The value in the decentralized and unregulated digital currency has plummeted since hitting a high of more than $1,130 in December 2013. It’s now pricedat more than $380, a two-thirds decline in value.
And even though many entities, financial companies and other businesses have embraced bitcoin, some have shied away — including Japan, where banks cannot deal in the currency.
Some high-profile crimes have also hampered bitcoin. Earlier this year, customers lost $425 million when the Tokyo-based bitcoin exchange, Mt. Gox, lost the digital currency in their accounts.
That event led the New York Department of Financial Services to begin developing what it calls a BitLicense that would be required of banks and other financial entities that want to deal in bitcoin and other virtual currencies. The goal is to protect consumers and prevent money laundering using virtual currencies, the department’s superintendent, Benjamin Lawsky, has said.
“Right now, I think, the virtual currency industry is at a bit of a crossroads regarding whether it will become an important part of the future financial system,” Lawsky said.
The Electronic Frontier Foundation opposes the agency’s plans, saying that bitcoin deserves free speech protections.
“At their core, digital currency protocols are code,” said EFF special counsel Marcia Hofmann in a statement Tuesday. “Attempts to regulate code must include robust protections to ensure constitutionally protected speech is not stifled, and the BitLicense proposal would undermine those First Amendment principles.”
Bitcoin, launched in 2009, allows for Internet-based customer-to-customer transactions with additional privacy beyond traditional credit card payments and banking transactions. You don’t need a checking account, for instance, and no bank is needed to complete the transaction.
“The cool thing about bitcoin is anyone can become part of the network,” says Jim Angel, an assistant professor of finance at Georgetown University and author of The Ethics of Payments: Paper, Plastic or Bitcoin? “It is beautiful technology, but so far no killer application has emerged that will take bitcoin mainstream.”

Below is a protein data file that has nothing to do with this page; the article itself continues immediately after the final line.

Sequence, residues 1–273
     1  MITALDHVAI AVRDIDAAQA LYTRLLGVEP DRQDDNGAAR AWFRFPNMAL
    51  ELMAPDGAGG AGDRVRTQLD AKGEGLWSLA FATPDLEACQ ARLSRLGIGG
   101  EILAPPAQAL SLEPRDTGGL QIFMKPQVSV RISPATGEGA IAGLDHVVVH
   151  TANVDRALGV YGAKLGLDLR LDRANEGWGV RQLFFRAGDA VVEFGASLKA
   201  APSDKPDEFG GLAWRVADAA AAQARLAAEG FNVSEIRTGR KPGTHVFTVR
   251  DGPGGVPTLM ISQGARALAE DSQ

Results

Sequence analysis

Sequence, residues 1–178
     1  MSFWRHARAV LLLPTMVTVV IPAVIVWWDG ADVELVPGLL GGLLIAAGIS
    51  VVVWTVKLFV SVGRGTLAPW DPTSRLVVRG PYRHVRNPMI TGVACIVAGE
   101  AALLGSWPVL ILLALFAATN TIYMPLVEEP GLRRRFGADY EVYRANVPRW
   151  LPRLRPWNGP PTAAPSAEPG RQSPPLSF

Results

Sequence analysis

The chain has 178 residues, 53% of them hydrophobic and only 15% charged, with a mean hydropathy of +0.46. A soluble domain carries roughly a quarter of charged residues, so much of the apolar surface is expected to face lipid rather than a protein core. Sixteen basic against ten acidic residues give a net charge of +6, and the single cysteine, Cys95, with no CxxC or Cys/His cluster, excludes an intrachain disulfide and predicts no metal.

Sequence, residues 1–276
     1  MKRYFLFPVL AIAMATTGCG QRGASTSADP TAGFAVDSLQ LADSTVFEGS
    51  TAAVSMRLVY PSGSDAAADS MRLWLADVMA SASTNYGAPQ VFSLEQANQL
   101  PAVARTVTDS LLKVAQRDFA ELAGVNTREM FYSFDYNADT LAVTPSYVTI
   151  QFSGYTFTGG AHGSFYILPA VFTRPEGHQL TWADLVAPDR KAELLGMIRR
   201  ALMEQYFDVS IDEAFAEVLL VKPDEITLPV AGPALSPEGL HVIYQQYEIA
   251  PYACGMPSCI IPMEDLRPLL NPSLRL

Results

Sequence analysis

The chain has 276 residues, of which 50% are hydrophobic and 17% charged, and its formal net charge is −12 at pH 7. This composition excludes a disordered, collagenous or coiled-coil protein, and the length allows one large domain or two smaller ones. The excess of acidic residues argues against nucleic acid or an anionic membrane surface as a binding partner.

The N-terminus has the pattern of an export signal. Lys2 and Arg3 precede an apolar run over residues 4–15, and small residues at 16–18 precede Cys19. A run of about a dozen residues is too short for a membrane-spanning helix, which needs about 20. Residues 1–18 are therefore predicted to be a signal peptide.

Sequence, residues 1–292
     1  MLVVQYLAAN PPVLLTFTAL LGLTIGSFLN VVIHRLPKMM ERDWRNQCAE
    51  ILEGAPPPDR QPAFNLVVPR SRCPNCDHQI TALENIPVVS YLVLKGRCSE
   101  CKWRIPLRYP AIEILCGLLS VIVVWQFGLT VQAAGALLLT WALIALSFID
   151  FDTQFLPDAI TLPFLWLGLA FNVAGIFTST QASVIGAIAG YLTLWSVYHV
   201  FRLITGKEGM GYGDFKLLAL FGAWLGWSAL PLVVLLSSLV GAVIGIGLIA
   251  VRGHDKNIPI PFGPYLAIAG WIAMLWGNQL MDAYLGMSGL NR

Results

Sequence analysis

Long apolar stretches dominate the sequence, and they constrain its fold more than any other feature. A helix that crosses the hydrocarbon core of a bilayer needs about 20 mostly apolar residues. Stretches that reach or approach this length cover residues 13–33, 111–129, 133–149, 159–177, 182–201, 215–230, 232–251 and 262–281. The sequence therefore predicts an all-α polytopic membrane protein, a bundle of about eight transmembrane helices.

More merchants have begun to accept it, however, most notably and recently PayPal, Dell, Expedia, Dish Network and Overstock.com. For sellers, bitcoin carries lower transaction fees than traditional payment systems.
Overall merchant and consumer bitcoin use is rising about 10% each month atCoinbase, which processes payments for merchants and lets consumers buy and sell fractions of the currency.
The company has about 1.7 million users worldwide and more than 37,000 merchants, mostly in the U.S. and Europe, says Adam White, the firm’s director of business development and strategy.
Compared with credit cards, bitcoin “enables a more efficient and safe transfer of value electronically,” White says. “It solves this fundamental technological problem.”
And bitcoin allows people in countries such as Argentina, with unstable currencies, “to be the custodian of your own assets,” says Jon Matonis, executive director of theBitcoin Foundation, which is working to establish “XBT” as a universally recognized financial symbol.
Approval of the XBT symbol would put bitcoin “on the same level as other existing national currencies,” Matonis says, as well as gold, which uses the symbol “XAU.”
Last week, compared with the major stock indexes, which had huge ups and downs, bitcoin remained relatively stable and finished the week higher than at the start.
“It is volatile right now,” Matonis says. “It’s only 5½ years old. It’s like a little baby trying to walk still.”
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